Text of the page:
By Deanna Hurn, Founder and Executive Director of Miracle Math Coaching

talking to child about disasters

The images are disturbing: Rescue workers digging through the rubble of collapsed buildings, neighborhoods destroyed by hurricane winds and massive flooding and the faces of parents and children in shock because they’ve lost everything.

Many of us shield our children from too much television, especially from disturbing news stories. But no amount of screen policing could’ve completely shut out the barrage of coverage of the earthquakes in Mexico and the hurricanes in Texas, Florida and Puerto Rico.

As overwhelming as such coverage is for adults, it can be especially distressing to children. Allaying their fears while being realistic about the chances of disaster striking is complicated. Here are four things you can provide that will help:

Reassurance
Of course, hugs and cuddling will make your children feel better in the moment. Nurturing through physical contact is instinctive to parenting. But you can’t sugar coat the possibility of a disaster. Scientists predict that a massive earthquake will, in fact, hit Northern California. The cliché is true: It’s a matter of “if,” not “when.” Although you can’t assure kids nothing bad will ever happen, you can assure them that you will do everything in your power to keep them safe. Fred Rogers, the iconic children’s television star, often cited a British study that found: “The most immediate and urgent concerns” of young children “have more to do with the consistency of close relationships than with events — no matter how ‘traumatizing’ adults may believe those events to be.”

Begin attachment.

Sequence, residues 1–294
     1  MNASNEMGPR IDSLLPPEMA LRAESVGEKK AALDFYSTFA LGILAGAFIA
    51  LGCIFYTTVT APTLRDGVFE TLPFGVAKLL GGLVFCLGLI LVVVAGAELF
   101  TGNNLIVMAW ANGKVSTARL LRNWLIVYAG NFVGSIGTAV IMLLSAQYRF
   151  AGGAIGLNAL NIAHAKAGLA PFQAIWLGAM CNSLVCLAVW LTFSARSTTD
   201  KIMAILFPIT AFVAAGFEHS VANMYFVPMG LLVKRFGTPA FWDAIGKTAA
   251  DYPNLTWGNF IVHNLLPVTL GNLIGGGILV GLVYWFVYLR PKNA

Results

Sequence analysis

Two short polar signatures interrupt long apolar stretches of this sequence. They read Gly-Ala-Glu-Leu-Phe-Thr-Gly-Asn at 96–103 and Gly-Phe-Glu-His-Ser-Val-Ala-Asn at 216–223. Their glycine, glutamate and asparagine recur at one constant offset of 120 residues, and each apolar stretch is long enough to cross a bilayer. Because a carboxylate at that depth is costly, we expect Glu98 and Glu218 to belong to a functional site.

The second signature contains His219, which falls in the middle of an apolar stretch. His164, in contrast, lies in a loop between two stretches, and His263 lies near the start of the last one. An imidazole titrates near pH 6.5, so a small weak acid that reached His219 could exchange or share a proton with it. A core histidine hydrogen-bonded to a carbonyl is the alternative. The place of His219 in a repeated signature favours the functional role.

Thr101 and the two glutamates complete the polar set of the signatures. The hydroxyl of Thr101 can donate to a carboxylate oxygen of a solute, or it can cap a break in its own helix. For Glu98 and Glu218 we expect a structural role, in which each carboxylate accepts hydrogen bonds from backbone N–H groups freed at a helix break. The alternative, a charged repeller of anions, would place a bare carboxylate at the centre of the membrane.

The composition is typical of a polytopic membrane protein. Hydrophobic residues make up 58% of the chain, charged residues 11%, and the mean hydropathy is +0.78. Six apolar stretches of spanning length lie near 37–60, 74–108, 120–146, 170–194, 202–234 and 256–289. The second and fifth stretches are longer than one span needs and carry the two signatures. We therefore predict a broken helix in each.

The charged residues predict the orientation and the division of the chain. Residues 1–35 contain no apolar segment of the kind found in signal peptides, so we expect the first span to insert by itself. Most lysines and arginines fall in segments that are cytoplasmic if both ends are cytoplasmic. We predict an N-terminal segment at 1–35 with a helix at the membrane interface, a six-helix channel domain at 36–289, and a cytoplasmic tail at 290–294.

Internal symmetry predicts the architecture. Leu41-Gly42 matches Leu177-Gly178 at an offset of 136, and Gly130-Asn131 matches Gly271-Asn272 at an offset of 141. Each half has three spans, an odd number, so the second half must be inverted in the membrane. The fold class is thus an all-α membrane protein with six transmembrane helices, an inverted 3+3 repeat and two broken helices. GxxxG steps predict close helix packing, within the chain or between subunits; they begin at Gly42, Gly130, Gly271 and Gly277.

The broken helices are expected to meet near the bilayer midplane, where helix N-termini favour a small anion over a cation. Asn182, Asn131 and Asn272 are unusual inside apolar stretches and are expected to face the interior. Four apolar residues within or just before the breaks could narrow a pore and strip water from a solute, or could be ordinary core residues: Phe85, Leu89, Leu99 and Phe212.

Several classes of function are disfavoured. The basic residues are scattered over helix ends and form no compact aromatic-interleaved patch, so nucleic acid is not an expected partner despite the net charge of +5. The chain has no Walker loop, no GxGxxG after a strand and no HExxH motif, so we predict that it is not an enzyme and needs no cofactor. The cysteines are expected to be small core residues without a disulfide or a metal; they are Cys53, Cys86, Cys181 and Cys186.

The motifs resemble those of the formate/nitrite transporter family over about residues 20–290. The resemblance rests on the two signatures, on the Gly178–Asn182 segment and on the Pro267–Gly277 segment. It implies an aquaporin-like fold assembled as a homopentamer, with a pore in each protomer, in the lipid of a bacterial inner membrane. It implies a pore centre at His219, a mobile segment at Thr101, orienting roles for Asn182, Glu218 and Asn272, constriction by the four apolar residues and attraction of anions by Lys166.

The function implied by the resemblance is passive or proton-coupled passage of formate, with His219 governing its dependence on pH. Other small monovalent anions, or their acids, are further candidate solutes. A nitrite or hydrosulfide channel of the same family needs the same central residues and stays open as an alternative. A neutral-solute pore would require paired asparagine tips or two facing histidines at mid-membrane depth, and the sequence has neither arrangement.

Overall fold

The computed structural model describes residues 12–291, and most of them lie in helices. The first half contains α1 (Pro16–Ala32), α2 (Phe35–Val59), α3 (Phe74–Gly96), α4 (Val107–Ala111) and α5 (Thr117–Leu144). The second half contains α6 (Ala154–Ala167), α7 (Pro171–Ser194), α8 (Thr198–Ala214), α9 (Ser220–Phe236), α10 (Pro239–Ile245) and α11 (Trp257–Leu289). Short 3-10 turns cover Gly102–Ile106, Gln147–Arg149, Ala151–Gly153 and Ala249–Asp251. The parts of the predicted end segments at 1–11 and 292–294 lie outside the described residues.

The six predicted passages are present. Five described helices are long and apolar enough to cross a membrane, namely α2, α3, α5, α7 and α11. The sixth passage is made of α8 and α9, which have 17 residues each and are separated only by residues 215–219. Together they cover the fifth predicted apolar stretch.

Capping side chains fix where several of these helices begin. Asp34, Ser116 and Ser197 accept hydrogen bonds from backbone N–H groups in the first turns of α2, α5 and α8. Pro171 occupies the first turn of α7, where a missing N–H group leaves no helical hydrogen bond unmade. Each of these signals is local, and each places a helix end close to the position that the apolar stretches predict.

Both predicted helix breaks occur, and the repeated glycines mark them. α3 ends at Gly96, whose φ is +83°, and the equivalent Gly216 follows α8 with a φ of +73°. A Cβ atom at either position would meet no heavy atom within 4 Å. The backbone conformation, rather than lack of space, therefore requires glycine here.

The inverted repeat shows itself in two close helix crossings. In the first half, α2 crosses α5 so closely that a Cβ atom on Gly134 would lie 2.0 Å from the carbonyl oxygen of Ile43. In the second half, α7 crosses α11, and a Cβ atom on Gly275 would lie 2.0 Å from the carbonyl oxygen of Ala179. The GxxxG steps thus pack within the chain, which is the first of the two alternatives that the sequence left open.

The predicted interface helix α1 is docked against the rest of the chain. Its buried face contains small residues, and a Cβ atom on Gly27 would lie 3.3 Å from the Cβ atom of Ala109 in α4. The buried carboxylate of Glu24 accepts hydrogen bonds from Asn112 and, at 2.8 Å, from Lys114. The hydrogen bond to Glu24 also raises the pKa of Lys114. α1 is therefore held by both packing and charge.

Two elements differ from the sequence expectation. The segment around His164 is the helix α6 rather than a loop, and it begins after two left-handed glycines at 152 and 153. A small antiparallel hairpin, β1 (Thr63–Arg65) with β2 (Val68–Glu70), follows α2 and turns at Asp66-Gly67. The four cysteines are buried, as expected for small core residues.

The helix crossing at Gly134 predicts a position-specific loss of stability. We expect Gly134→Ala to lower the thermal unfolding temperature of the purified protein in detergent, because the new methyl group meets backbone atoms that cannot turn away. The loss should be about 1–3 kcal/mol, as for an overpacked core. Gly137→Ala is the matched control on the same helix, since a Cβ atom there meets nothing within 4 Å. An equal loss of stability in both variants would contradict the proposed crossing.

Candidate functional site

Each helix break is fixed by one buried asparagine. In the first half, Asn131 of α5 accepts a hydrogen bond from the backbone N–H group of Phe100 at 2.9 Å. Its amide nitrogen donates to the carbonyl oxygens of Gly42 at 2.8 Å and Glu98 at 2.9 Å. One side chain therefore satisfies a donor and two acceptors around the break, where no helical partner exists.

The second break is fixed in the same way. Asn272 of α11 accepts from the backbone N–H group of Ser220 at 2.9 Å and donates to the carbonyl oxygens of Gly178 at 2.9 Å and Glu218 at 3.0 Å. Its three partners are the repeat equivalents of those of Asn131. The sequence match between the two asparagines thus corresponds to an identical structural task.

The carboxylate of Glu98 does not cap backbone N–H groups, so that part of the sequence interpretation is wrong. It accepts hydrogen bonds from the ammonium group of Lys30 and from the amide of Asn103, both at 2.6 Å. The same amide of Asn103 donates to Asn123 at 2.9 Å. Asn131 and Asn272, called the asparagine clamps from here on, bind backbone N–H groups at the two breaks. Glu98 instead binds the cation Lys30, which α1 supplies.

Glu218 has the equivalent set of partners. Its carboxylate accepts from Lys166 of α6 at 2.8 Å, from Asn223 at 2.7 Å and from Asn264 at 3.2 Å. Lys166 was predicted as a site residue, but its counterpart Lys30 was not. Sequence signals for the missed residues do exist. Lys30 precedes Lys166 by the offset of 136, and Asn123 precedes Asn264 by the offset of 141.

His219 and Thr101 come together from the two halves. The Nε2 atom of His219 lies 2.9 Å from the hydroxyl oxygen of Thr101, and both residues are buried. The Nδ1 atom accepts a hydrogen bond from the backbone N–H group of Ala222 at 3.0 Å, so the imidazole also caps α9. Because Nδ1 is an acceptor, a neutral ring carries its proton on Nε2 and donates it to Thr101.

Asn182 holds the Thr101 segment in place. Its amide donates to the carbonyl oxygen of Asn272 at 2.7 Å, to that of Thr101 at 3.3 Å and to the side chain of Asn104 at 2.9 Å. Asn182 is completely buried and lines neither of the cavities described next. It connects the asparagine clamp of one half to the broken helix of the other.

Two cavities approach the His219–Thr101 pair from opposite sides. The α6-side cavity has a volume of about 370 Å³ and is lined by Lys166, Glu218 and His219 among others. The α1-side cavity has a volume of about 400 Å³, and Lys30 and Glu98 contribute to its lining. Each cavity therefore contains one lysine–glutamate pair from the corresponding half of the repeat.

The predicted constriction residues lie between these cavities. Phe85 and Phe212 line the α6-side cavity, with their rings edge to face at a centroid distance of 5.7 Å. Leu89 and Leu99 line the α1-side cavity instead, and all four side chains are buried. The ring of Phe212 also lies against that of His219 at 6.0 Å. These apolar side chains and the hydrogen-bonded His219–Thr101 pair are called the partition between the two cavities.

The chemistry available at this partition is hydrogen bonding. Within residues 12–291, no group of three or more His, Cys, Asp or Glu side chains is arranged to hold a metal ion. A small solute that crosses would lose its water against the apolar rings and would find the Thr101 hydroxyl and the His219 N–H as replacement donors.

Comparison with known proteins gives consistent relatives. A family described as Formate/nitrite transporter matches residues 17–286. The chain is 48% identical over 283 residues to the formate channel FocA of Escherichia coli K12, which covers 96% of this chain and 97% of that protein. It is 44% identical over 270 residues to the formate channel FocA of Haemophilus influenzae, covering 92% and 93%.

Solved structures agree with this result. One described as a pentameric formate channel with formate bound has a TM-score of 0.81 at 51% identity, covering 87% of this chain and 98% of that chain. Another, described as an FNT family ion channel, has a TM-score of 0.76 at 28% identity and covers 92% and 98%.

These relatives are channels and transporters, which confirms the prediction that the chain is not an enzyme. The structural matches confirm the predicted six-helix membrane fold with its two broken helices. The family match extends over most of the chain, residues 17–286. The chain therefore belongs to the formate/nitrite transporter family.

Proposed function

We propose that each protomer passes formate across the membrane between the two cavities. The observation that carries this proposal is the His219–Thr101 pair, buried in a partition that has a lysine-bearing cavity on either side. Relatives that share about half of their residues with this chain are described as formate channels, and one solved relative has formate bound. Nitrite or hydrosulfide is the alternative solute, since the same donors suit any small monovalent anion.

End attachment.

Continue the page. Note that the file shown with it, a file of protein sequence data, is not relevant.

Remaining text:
A Plan
Your first action in making sure your kids will be safe is coming up with a plan. Figure out together, as a family, what to do when the inevitable happens. The American Red Cross provides a comprehensive template. And let your child help you assemble an emergency preparedness kit – from shopping for the items to packing them in a container or box. Being involved in preparation gives them some control over an uncontrollable future event. The Federal Emergency Management Agency offers a list for parents and for children of what to include in an emergency kit.

Discussion
Reassurance and preparation will only go so far if your children can’t stop ruminating on “what if” scenarios. Their fears might not be rational, but they are real. As with adults, allowing your child to talk about how they’re feeling can help. Let them know it’s okay to voice their worries.  And listen to them, rather than interrupt with logic and reason. Definitely, reassure them, but also respect their feelings. If your child continues to exhibit anxiety and stress, seek professional help. Ask your pediatrician to recommend a licensed therapist who specializes in working with children.

Media Disconnection
Be even more vigilant about restricting all media, not just television. Thanks to technology, you can limit the websites your children visit or the apps they download. No, you don’t have complete control when they’re visiting their friends. But you can ask their friends’ parents to support your “disturbing news” ban. It doesn’t hurt to ask.

As parents, we want to make sure that our children grow up feeling loved, nurtured and safe. I hope this information helps you in that endeavor.

* * * * *

If you’d like to see where your child stands academically, please contact us for a FREE Learning Discovery Evaluation. Regardless of how your student is doing, we can help him or her do better. Click here to sign up now. Miracle Math Coaching is an award-winning, student-focused service with a track record of boosting academic achievement.

Related Post